A one size fits all solution Each flipped classroom teacher is able to take advantage of the flexibility this approach provides, allowing for individualized instruction and serving each student’s needs. Students can access the learning materials at home, on a bus, in their room, on a couch, wherever it is convenient and comfortable.
Easy It takes time to create lessons and content. Then, it takes additional time to deliver it effectively, assesses performance, and provide individualized feedback. That takes time, but it also increases the chances of learning gains due to the effectiveness of the teacher.
Some innovations cause a seismic shift in traditional approaches to the industry. For instance, phonograph cylinders evolved into records, which changed to 8-tracks, then cassettes and DVDs gained in popularity. Now, digital streaming has completely altered the way recording studios distribute music as well as how we consume their product. This is called 'disruptive innovation' and education is not immune to these groundbreaking elements injected into the educational environment.
Online learning started by providing a service to students that did not have an alternative to access courses that were not available at their traditional school—advanced courses that schools did not offer; rural or urban schools that could not offer courses taught by a highly qualified teacher; students who were in need of recovering credits to graduate; and with homeschool or homebound students. Most of these instances needed distance learning environments to satisfy students’ needs—outside of a brick and mortar school or even an in-person teacher.
This is where a disruptive innovation seized an opportunity, by going beyond distance learning and the creation of blended learning environments—where rather than only learning online, or learning solely in the classroom, students could benefit from combining the two approaches to best address the needs of each learner.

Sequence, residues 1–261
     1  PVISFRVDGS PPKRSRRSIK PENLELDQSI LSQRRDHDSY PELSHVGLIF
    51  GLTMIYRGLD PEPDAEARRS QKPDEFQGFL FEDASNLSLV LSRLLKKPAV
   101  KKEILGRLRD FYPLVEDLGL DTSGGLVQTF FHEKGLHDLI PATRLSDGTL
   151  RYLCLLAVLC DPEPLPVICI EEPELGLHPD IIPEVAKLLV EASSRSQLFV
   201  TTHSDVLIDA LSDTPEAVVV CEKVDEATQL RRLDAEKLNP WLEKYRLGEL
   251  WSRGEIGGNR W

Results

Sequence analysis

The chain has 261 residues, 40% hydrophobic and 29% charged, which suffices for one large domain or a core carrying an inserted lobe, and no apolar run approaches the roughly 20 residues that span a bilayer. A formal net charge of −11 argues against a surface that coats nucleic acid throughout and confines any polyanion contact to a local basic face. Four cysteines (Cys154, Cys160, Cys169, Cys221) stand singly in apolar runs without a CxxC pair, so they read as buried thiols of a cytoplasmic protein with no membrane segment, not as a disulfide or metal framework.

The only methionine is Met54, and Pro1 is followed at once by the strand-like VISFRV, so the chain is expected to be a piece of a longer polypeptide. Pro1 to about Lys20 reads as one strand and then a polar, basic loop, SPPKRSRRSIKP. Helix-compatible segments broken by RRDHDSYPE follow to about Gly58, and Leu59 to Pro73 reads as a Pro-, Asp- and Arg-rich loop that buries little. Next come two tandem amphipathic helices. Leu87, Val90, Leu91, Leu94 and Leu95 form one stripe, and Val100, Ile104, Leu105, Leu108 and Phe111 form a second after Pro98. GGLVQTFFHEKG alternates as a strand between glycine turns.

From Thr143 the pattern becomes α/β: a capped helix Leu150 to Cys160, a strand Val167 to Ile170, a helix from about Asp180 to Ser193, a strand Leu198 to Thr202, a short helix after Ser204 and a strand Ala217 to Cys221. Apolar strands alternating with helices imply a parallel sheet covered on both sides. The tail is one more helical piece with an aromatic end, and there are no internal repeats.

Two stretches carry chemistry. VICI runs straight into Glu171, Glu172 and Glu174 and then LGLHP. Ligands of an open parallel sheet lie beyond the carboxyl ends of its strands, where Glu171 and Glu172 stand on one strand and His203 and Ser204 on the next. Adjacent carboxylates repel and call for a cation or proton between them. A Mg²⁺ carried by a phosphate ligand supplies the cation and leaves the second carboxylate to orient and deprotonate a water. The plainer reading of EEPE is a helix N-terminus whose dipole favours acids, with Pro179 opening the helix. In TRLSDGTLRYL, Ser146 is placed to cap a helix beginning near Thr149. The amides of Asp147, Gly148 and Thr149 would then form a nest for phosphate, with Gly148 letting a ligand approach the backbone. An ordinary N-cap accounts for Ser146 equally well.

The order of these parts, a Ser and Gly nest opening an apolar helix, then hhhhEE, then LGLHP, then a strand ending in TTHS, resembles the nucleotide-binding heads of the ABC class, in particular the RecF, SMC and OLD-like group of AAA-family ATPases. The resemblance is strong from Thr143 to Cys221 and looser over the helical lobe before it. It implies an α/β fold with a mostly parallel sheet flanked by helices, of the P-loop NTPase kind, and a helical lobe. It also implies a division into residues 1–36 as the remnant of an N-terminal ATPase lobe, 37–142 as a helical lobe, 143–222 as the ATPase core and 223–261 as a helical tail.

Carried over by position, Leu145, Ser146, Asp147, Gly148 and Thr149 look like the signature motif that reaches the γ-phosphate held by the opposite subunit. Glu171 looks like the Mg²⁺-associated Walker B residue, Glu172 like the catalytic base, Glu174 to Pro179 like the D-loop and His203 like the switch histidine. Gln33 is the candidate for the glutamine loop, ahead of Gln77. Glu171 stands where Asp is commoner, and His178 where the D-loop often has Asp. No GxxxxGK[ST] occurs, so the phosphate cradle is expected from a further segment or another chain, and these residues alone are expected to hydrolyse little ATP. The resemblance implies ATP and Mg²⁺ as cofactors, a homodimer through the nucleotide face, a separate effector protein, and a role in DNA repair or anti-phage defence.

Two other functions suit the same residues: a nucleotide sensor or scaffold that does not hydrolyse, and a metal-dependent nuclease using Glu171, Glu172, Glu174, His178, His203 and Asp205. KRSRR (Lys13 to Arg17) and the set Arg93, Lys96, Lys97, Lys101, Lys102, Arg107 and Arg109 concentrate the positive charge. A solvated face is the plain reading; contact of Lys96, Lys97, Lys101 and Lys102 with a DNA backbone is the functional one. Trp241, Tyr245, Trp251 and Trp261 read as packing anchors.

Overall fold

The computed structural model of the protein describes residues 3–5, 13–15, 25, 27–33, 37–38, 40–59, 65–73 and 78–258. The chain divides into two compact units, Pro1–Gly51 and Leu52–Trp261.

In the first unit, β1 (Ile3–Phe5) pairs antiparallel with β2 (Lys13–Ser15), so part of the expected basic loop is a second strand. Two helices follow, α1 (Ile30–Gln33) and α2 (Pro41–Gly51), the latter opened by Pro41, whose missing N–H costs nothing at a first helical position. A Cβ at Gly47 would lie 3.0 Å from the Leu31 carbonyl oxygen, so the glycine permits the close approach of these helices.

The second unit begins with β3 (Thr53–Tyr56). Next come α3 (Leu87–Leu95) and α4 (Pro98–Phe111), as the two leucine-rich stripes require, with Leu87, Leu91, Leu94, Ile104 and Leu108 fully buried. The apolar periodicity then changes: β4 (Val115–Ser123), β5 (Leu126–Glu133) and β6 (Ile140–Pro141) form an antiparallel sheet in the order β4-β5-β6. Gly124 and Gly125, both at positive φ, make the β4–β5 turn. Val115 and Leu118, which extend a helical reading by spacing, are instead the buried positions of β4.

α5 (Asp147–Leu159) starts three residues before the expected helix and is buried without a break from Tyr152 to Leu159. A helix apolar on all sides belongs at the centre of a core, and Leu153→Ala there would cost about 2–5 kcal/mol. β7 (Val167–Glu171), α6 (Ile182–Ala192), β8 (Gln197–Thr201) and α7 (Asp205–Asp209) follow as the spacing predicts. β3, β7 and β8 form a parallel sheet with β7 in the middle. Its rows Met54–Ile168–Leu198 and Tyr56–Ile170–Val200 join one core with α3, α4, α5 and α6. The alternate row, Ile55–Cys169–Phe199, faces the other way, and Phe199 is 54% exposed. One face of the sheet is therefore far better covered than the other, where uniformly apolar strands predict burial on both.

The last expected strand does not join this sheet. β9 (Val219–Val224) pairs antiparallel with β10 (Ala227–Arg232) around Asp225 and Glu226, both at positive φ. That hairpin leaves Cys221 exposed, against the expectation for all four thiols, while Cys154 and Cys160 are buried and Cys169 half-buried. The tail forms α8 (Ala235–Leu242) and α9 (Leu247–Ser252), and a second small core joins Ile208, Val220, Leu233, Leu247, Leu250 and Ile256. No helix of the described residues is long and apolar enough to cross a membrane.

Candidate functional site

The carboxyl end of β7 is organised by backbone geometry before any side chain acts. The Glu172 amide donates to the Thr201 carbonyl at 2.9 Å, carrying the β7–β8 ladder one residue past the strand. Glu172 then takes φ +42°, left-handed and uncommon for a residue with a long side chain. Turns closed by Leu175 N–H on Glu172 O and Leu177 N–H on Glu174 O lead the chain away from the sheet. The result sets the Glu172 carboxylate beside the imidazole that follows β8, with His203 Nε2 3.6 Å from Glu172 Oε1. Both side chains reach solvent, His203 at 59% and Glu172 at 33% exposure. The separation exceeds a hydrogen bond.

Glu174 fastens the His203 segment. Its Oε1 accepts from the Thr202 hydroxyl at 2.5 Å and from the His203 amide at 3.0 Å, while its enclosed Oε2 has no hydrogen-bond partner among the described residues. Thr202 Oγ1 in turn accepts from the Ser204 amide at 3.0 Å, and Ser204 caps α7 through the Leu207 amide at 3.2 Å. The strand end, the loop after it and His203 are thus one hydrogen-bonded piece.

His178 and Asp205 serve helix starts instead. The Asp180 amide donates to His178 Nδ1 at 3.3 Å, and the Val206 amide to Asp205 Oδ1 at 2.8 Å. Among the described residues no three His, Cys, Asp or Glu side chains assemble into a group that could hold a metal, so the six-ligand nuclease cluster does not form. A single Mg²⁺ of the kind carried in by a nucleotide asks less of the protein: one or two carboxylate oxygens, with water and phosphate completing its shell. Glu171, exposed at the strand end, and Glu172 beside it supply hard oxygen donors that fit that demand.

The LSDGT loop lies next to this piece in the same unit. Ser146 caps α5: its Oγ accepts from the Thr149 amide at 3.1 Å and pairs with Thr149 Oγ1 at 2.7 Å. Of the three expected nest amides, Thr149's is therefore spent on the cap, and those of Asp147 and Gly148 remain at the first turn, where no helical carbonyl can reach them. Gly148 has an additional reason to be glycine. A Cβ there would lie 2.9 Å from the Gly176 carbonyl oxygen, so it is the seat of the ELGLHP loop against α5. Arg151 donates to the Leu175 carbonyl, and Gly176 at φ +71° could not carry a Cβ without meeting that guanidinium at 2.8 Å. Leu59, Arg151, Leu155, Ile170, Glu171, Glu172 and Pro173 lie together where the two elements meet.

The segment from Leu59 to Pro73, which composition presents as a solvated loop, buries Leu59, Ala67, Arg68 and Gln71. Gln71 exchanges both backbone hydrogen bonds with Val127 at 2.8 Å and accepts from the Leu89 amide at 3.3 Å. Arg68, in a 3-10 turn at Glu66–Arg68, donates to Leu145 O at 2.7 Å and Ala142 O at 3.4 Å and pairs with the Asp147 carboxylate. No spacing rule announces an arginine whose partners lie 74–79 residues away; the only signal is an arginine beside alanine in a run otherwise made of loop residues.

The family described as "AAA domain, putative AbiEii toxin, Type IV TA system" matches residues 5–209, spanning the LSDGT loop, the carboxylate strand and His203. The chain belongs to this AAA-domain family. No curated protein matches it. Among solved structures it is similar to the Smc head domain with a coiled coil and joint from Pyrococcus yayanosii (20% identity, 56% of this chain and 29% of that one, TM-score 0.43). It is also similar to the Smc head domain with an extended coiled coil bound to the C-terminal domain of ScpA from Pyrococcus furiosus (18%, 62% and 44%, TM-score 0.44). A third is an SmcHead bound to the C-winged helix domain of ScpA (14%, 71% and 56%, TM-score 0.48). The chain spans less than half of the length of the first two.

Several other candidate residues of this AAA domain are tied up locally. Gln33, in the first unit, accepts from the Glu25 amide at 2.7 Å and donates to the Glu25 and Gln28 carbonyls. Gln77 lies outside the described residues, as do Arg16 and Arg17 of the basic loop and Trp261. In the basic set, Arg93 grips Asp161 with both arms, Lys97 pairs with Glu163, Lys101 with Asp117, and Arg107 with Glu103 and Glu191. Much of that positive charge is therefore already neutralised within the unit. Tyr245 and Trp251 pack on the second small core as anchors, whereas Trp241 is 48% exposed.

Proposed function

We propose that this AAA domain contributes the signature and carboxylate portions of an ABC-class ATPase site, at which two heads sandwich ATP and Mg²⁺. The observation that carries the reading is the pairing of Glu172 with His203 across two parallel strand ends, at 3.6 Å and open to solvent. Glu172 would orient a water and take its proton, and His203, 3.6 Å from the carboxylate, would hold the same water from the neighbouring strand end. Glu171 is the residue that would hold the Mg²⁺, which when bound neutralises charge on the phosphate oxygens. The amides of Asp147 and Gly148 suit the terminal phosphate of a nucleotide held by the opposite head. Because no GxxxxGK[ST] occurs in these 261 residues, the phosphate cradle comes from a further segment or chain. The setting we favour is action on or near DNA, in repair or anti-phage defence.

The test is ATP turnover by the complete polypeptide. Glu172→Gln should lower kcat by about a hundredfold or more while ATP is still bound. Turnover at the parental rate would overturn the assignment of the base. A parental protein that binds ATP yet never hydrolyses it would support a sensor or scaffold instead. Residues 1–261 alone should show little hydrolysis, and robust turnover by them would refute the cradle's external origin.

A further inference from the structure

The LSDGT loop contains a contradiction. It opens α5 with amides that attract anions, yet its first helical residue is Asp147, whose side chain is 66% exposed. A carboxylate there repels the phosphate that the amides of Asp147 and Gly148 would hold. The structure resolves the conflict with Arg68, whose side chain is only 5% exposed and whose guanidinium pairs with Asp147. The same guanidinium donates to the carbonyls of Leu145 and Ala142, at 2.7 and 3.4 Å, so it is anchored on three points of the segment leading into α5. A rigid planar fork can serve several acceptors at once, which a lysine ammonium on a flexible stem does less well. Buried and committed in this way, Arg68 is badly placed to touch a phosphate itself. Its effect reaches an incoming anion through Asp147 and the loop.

Individualized instruction, tailoring content delivery to best serve each student that is fluid enough to allow students and teachers to work together on concept mastery through personalization has shown to be successful. As such, the industry has changed its approach to best serve those operating within it. Teachers and students have been able to benefit from technology companies, including providers of learning management systems (LMS), online assessments, digital gradebooks, and educational data systems. All of these elements have allowed students to enjoy a better user experience (UX) and teachers have been able to acquire more data and assessment materials to better assess learning gains and deltas which influences future approaches to instructional delivery and classroom management.
Although a flipped classroom has gained popularity and has been the topic of discussion lately, it has not existed for as long as you may imagine. If you are not aware of how this approach to teaching evolved, here is a brief history of how it all started.